SAGE and Calcutta Research Group in association with Department of Sociology, Presidency University, Kolkata are pleased to announce the 2nd SAGE-CRG Lecture on Technology, Body, and Law: The Antinomies of Rights and Governmentality by Dr Itty Abraham (National University of Singapore).
Date: Friday April 25, 2014 [3 PM]
Venue: A.J.C Bose Auditorium, Presidency University | 86/1, College Street, Kolkata – 700 073
Vasudha Rastogi | SAGE Publications | email: [email protected] | Tel: 011 4063 9239
Shuvro Prosun Sarker | Calcutta Research Group | email: [email protected] I Tel: 98742 23526
Samaresh Guchhait | Calcutta Research Group | email: [email protected] | Tel: 99032 98485
Dr Itty Abraham :
Dr. Itty Abraham, Associate Professor, Department of South & Southeast Asian Studies, National University of Singapore.
His research interests include intersection of nationalism and technology in Asia; the Indian Ocean as a zone of interaction and exchange; SE Asia, India, and China interactions; foreign policy as a spatial practice; non-territorial forms of citizenship.
Among his various important publications, counts the book The Making of the Indian Atomic Bomb: Science, Secrecy, and the Postcolonial State (Postcolonial Encounters Series) London: Zed Books (Indian edition by Orient Longman, Delhi, 1999. Technology, Body, and Law: The Antinomies of Rights and Governmentality.
About the paper
This paper argues that the deepening alliance between the law and science and technology (S&T) reinforces the weakness of the constitutionally endorsed idea of the individual subject as a rights-bearing citizen.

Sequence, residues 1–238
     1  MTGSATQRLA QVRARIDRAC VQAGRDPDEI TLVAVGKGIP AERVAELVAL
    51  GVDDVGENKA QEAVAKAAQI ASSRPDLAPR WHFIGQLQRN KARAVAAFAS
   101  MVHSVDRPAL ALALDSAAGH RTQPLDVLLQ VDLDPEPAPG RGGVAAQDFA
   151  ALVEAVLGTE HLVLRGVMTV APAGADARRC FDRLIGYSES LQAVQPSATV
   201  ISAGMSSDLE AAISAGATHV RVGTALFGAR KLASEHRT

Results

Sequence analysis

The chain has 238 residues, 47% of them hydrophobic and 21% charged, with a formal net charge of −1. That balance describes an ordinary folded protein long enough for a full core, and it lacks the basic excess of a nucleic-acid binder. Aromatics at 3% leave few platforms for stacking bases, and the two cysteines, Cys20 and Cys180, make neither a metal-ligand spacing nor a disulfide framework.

Two modes of governmentalized power in particular are addressed. The first explores the individual as a site of judicial truth as produced by sovereign power; the second addresses the individual as a product of biopolitical intervention.
The first mode of governmentality draws its history from colonial law, now represented by the scientific probe – from DNA and brain scans to so-called truth serums – that extracts probative evidence directly from the body, rendering mute the ostensible subject of judicial enquiry.
The second is the extensive array of postcolonial biopolitical techniques, from the census to the Aadhar card, a biometric technology, that are concerned less with the individual than the society that comes into view through these techniques.
These intersections of law, body, and, technology produce respectively a social body composed of abstracted organs and body parts that have come to have an independent juridical existence (what Foucault called an apparatus), and society imagined as a database, the final apotheosis of the idea of population.
Rights only emerge when they are the explicit product of struggle rather than imagined as inalienable entitlements promised by constitutional protections.
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